In their first decision to consider Canada’s new takeover bid rules, securities regulators have signaled that they are reluctant to make piecemeal changes to the bid regime, providing clarity on the new bid process and relative role of defensive tactics.
The decision, like the bid regime, strikes a balance between bidders and targets, with a view to protecting investor choice in the context of hostile takeover bids. Targets and bidders alike will find that the decision has noteworthy implications for deal tactics.
New Bid Regime
Canada’s new takeover bid regime took effect in May 2016, following an extensive consultation process that included competing regulatory proposals and significant market input. An impetus for the regulatory change was a desire to address the regulators’ case-by-case consideration of targets adopting shareholder rights plans (or poison pills) as hostile bid defenses, and the resulting uncertainty surrounding timing and the bid process.
While the revised bid rules do not address poison pills, they codify “permitted bid” terms found in most pills adopted under the previous regime. The rules extend the minimum deposit period for takeover bids to at least 105 days and introduce a mandatory minimum tender condition of over 50% of the target’s outstanding shares. These timing rules are addressed in the regulators’ reasons in the Aurora/CanniMed matter.1
The rules do not modify Canada’s defensive tactics policy (NP 62-202), leaving as a question how poison pills fit into the new bid regime. That question is addressed in the Aurora/CanniMed case.
The Regulators’ Decision
The Aurora/CanniMed matter is the first regulatory decision to consider the new bid regime, including the relationship between the regime and the regulators’ defensive tactics policy.
The Ontario and Saskatchewan regulators cease traded the poison pill adopted by the board of CanniMed Therapeutics Inc. in response to Aurora Cannabis Inc.’s hostile bid. The pill had been designed to protect CanniMed’s proposed acquisition of Newstrike, which was supported by management, and prevent CanniMed shareholders from being able to support the Aurora bid through hard-lock up arrangements.2 The CanniMed board had decided to proceed with the Newstrike transaction despite objections raised by the locked-up shareholders.
The decision not only addresses the role of poison pills, but also the bid rules more generally, and the function of lock-up agreements in the takeover bid process.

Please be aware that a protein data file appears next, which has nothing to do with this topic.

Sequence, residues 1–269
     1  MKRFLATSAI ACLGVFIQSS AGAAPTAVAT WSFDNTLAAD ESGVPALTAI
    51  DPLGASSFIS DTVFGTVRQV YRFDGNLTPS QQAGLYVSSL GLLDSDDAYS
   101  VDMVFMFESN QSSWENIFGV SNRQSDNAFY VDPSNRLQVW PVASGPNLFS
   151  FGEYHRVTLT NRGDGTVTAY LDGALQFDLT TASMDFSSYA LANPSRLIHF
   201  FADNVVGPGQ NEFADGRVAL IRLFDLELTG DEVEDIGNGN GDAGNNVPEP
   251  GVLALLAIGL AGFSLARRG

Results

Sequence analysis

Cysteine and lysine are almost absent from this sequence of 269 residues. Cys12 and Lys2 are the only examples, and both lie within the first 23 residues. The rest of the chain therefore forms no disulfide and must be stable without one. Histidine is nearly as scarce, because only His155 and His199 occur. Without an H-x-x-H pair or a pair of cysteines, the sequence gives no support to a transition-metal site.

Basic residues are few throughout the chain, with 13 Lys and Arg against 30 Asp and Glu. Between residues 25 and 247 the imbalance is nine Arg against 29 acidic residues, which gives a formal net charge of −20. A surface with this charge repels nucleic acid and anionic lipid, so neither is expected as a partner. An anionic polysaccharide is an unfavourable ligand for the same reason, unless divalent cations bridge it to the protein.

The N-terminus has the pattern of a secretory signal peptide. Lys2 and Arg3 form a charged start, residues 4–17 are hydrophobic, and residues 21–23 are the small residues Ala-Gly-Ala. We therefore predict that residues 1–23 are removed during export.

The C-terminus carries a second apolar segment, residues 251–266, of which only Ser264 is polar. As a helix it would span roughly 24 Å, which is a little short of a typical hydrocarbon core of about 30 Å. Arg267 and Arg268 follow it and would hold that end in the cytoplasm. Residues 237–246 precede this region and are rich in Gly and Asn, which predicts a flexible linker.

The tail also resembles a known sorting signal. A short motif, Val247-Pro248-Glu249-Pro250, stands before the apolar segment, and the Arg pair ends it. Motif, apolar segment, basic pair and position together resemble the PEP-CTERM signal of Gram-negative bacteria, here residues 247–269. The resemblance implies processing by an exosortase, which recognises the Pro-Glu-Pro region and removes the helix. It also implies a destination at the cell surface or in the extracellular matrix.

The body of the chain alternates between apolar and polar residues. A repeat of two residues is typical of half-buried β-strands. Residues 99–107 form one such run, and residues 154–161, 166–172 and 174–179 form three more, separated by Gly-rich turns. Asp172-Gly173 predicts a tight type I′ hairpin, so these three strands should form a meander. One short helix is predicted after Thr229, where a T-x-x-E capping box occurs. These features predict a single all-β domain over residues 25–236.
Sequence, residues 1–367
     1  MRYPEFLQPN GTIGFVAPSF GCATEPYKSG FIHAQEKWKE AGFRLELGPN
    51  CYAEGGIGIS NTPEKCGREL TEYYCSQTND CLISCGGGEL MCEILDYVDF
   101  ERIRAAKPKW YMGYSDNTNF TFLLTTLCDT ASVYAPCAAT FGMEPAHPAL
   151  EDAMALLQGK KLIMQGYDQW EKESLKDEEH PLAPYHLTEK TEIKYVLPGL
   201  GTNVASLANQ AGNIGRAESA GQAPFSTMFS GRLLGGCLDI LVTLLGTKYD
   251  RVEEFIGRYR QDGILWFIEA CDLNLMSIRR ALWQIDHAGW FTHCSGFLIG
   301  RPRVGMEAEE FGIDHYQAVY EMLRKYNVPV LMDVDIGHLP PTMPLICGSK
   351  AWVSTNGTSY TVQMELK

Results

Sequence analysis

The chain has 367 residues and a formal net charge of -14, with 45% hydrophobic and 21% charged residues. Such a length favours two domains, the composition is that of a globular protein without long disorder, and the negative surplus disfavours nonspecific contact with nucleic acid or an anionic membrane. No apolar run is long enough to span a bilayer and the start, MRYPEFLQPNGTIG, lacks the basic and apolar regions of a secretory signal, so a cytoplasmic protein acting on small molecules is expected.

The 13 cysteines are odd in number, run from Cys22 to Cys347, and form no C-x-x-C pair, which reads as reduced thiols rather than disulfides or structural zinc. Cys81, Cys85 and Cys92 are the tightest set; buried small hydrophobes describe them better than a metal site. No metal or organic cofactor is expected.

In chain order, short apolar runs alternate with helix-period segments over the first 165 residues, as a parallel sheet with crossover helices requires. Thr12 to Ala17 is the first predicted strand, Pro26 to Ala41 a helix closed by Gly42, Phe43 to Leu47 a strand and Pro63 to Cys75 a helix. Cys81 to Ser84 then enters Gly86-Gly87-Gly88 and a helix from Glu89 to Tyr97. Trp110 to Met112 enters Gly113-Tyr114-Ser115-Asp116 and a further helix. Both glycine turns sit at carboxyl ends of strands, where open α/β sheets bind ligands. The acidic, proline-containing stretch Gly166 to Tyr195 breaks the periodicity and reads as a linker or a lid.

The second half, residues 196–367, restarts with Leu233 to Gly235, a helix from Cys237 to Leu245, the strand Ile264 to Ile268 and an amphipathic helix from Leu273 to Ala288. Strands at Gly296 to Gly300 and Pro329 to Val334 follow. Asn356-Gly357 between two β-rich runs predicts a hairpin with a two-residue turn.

Reluctance to Alter Bid Rules
Aurora argued that CanniMed’s proposed acquisition of Newstrike was effectively an “alternative transaction” under the bid rules, affecting the time that its bid was required to be outstanding. The regulators rejected that argument. They decided that Aurora was not entitled to rely on the “alternative transaction exemption” under NI 62-104, which would have permitted Aurora to shorten the 105-day bid period so that CanniMed shareholders could consider the Aurora and Newstrike transactions simultaneously. According to the regulators, the Newstrike transaction would not result in a change of control of CanniMed, and therefore it fell outside the scope of the regulatory exception.
In reaching their decision, the regulators indicated a “[reluctance] to make piecemeal changes to timing requirements that affect planning by bidders and target companies and that would make bid pricing and secondary market price determinations less predictable.”
The new bid regime aims to strike balance between empowering target boards by giving them more time to evaluate a bid and explore alternatives, and enabling bidders to proceed with their bids.
In the same vein, the regulators rejected CanniMed’s application seeking to prevent Aurora from making market purchases of CanniMed shares while the hostile bid was outstanding. The regulators held that in the absence of public policy interests, Aurora should not be prevented from making market purchases under the 5% exemption in NI 62-104, acknowledging that the exemption is an established feature of the bid regime. The circumstances in which that exemption will be removed for a bidder are very rare, and the regulators’ decision signals that it will not likely remove the exemption in aid of a target’s defense strategy.
Are Locked-Up Shareholders Joint Actors?